Tag Archives: Garden rooms

The Good and the Ugly: Beneficial Bugs

The growing season is coming to an end and we are busy closing our gardens and making preparations for next year. So much to do! Cutting back perennials, cleaning up a seemingly endless supply of leaves, planting bulbs for that early spring splash of color. Even with so many things to think of as we near the end of another growing season, many families are focused on one thing: it’s Halloween time!!

Over the years the costumes have improved, the decoration displays get bigger and scarier, and undoubtedly, our misunderstood garden helpers get put on display to gross out and frighten. Insects and spiders have become a standard in Halloween gags, pranks, displays and décor that seem to awaken all of our irrational fears about our 6 or 8 legged friends.

To try and balance out all of the negative attention, here are three of the beneficial ‘bugs’ we can find right in our own backyards:

10-30-14 Ground beetleGround Beetles – While some types of beetles can be serious home garden pests, others are the best pest-fighters around. These medium to large, blue-black beetles typically hide under stones or boards during the day. By night they prey on cabbage root maggots, cutworms, snail and slug eggs, and other pests; some climb trees to capture armyworms or tent caterpillars.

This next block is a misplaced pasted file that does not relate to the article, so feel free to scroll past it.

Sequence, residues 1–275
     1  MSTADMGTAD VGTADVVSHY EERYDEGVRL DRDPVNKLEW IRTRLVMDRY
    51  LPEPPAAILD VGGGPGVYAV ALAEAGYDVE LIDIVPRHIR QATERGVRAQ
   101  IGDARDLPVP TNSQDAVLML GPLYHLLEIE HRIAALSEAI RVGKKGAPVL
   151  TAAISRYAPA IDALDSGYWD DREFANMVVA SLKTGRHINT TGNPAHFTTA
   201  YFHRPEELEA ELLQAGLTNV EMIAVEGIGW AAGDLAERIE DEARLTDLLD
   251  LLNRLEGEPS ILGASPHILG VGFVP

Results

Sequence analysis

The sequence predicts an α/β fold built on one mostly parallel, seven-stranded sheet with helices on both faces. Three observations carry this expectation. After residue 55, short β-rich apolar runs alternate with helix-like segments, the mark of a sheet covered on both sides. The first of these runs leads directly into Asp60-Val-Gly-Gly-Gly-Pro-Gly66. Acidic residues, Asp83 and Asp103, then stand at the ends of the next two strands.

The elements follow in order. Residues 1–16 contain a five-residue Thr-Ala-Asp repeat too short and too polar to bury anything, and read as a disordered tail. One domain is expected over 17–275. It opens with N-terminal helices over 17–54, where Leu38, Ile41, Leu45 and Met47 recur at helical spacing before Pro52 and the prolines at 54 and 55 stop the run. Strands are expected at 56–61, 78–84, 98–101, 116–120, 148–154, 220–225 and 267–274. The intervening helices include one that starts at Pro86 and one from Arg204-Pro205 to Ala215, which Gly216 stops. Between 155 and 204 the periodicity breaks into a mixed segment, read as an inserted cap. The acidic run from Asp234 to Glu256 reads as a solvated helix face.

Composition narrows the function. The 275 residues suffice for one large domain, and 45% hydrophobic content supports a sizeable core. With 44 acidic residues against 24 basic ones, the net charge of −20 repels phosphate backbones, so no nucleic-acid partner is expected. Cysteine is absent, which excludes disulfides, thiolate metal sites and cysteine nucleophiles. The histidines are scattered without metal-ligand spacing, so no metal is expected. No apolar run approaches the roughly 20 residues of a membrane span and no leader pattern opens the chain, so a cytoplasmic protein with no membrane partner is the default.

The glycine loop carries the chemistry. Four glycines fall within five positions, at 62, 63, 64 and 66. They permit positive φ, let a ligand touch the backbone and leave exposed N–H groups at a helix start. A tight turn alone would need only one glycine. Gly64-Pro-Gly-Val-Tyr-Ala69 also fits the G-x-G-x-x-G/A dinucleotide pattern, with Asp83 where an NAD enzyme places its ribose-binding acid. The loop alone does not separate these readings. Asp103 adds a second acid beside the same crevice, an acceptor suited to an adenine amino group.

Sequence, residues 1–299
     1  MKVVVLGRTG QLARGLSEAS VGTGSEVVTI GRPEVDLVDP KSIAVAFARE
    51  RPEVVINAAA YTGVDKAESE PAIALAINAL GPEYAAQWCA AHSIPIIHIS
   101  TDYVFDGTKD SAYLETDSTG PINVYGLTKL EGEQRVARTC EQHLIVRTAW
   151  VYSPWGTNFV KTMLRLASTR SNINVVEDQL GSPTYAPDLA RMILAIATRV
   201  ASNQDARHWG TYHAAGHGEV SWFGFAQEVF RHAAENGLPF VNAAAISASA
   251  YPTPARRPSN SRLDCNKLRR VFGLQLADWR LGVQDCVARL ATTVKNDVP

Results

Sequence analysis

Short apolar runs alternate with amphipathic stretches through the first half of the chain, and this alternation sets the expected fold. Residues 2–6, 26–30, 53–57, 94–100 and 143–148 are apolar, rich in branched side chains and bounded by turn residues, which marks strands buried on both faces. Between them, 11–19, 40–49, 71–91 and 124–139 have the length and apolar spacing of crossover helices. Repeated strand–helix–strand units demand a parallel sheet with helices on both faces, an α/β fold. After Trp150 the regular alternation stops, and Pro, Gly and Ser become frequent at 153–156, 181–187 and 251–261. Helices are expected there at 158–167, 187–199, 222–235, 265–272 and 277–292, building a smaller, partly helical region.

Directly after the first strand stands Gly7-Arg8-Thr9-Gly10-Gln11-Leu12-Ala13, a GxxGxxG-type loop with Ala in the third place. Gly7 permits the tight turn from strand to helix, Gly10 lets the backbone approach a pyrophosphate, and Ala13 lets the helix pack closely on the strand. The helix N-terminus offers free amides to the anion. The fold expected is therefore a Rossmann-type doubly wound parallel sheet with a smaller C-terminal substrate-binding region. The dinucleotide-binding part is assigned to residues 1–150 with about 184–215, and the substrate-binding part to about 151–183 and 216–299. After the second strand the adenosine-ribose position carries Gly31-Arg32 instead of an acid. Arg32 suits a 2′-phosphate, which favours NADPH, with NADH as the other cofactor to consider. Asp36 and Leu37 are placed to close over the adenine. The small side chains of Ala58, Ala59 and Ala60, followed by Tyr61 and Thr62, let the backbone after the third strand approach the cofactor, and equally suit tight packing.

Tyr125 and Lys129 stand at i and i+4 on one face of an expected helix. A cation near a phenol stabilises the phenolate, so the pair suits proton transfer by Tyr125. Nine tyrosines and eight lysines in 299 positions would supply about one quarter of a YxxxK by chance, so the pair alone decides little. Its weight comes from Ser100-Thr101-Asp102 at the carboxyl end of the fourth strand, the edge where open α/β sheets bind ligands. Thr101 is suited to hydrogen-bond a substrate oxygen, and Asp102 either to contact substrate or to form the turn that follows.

10-30-14 Jumping spiderJumping Spiders – The Jumping Spider lives in woods, fields or gardens. It is often seen on tree trunks, fallen limbs, leaves, or other ground litter. The Jumping Spider gets its name because of its amazing leaping ability. Male Jumping Spiders are between 1/4 inch and 1/2 inch long while females are slightly larger. These spiders do not build webs to catch prey but hunt their prey on foot. They use silk to make a small shelter under a leaf or bark. These spiders eat all sorts of insects as well as other spiders. Their inquisitive behavior and rapid stop and go movements can provide quite a show!

10-30-14 Ladybug larvaeLady Beetle – The adult Lady Beetle, or Lady Bug, is easy for us to picture in our heads with its shiny red exoskeleton speckled with black or white dots. This family of small to medium beetles includes more than 3,000 species that feed on small, soft pests such as aphids, mealybugs and spider mites. Both adults and larvae (pictured) eat pests. Most larvae have tapering bodies with several short, branching spines on each segment.

Look for these friendly insects in your garden as you finish up your end-of-the season tasks. And if your fall maintenance is ‘bugging’ you, call us to help!



A Room with a View

9-4-14 room blog pixIt’s not just a phrase limited to travel destinations or books anymore. And why should it be? We all have indoor windows that seize our attention – like over the kitchen sink or across the dining table. With thoughtful design and intentional plant selection, your view from these indoor windows to the outside can be pleasing and relaxing year round. Maybe without a beach though…